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Knitting from the Top: Book Review

Updated on September 14, 2014

Knitting from the Top

I'm a knitting pattern designer, occasional knitting teacher, and have been knitting for more years than I care to admit. I have a list of knitting books I find myself constantly referring to (as well as books I read once and never opened again - we all have those, don't we?) So, grab a cup of your favorite beverage and settle in.

Knitting from the Top at Amazon

Book Details

Knitting from the Top

Barbara Walker

Original Edition, Scribner's, 1972

Current Edition published in 1996 by Schoolhouse Press

About Barbara Walker

Barbara Walker was a housewife and scholar. Every autumn, she would pick one topic to study and research. One year, she chose knitting.

Ms Walker did an exhaustive study into knitting stitch patterns, resulting in 4 fat books of stitch patterns that are still classics and in almost every knitting designer's library. She wrote several other knitting books, the best known is Knitting from the Top.

After several years of intense work on knitting, Ms Walker moved on to other research topics. Though she never wrote another book, the legacy she left is tremendous, making her one of the most important knitters of the 20th century.

Original Cover, Knitting from the Top
Original Cover, Knitting from the Top

Review

Some knitting books appear very dated, with patterns that are so tied to their era that the book becomes useless over time. Not so with this book.

If you can find an edition of Knitting from the Top with the original full color illustrations, you'll be exposed to some of the most excessive early 1970s era designs ever. Think pink and purple, mosaic stitch pantsuits. Orange and green acrylic sweaters on goofy looking guys with sideburns. The original cover shows two of the milder patterns. (image courtesy of Amazon.com)

But don't stop here, because the text of this book is timeless.

Thankfully, the color photographs are all in their own section, so you don't have to look at them. Ms Walker covers all the details of making *anything* from the top down, from the standard yoke sweaters and socks to hats and yes, pants (though you could use her system for some great footless tights). She carefully and simply explains the construction methods, allowing the reader to become the designer by adding any stitch or color patterns to each style.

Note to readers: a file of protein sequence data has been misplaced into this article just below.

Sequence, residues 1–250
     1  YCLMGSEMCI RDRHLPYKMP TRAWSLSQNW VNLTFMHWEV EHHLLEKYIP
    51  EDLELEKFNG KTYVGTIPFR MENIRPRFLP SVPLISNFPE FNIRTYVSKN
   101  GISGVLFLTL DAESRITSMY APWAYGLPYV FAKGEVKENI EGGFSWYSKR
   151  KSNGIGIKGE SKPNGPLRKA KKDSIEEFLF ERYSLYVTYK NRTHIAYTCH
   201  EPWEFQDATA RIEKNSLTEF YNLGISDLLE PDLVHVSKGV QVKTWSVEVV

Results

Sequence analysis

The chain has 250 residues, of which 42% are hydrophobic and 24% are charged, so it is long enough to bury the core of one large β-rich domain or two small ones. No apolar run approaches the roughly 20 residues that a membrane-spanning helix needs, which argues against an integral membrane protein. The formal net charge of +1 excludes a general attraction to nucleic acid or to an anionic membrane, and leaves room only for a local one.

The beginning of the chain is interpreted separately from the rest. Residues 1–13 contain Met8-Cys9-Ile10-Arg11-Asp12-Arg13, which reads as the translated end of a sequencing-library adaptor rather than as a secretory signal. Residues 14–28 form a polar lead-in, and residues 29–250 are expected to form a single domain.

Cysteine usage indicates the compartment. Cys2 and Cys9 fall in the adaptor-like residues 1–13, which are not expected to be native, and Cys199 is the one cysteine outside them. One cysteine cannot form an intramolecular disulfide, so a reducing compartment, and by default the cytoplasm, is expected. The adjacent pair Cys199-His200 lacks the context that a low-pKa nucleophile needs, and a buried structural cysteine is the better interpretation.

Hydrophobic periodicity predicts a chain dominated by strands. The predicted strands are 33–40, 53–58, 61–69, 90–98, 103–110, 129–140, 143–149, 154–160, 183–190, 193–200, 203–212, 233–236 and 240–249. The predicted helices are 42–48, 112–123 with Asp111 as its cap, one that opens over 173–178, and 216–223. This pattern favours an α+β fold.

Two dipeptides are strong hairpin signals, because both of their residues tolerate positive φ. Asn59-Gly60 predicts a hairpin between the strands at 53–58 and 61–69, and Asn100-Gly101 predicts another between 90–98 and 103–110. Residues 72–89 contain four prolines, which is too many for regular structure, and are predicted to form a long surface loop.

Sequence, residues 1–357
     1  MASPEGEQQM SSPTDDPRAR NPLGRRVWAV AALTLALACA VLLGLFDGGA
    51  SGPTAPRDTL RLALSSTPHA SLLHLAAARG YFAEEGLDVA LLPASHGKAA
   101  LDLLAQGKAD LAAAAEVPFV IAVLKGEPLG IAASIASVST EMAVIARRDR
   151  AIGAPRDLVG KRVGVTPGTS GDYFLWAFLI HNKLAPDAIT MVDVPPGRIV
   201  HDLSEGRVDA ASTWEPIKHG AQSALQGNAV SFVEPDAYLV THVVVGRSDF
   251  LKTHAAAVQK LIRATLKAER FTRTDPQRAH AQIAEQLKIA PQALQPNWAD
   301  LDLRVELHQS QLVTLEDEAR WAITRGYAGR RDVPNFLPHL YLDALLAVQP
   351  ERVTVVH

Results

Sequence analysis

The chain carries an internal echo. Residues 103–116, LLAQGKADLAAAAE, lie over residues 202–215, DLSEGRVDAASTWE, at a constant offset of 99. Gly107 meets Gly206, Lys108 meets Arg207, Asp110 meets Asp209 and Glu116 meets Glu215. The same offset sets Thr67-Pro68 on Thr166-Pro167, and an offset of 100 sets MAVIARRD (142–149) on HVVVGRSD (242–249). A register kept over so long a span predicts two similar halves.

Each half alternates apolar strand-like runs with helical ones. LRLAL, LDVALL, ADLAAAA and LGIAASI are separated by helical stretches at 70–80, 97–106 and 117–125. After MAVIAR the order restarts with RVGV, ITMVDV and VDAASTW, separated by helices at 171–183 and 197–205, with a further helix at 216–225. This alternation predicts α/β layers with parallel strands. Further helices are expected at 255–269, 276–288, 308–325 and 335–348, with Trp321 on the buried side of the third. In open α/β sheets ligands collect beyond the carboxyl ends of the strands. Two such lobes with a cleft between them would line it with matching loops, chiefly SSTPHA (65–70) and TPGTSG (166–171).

Ms Walker also details specific construction methods. Since double increases are rarely called for in other knitting, she has a complete section on different double increases, plus a photograph of what each looks like, so the knitter can choose. She writes about measuring, and trying on the garments for best fit.

In summary, this is an excellent book, despite the color pictures. [And some editions have none of those photos, or reprinted them in black and white.] I highly recommend Knitting from the Top for any knitter who would like to try simple designing.

What do you think?

Is Knitting fron the Top out dated and useless?

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Another Original Photo

This is another original photo from the book. Though the colors are eye-hurting, if you analyze the design, you'll see this is a set-in sleeve V neck , with waist shaping, knitted in one piece, from the neck down. Wow!
This is another original photo from the book. Though the colors are eye-hurting, if you analyze the design, you'll see this is a set-in sleeve V neck , with waist shaping, knitted in one piece, from the neck down. Wow!

Other Books about Top Down Knitting

Since Barbara Walker wrote Knitting from the Top, other knitting authors have written about top-down knitting. Here's a selection of their books.

Have you read this book? Knit anything from it? Talk about your experience here.

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    • Brandi Bush profile image

      Brandi 6 years ago from Maryland

      I've just started teaching myself how to knit from online tutorials. I have some troubleshooting to work out, but I'm getting the knit and purl stitches down pretty well. Nice lens, I look forward to reading more of your reviews. :)

    • lbrummer profile image

      Loraine Brummer 6 years ago from Hartington, Nebraska

      I don't knit, but I like your lens and will look forward to the additions you make.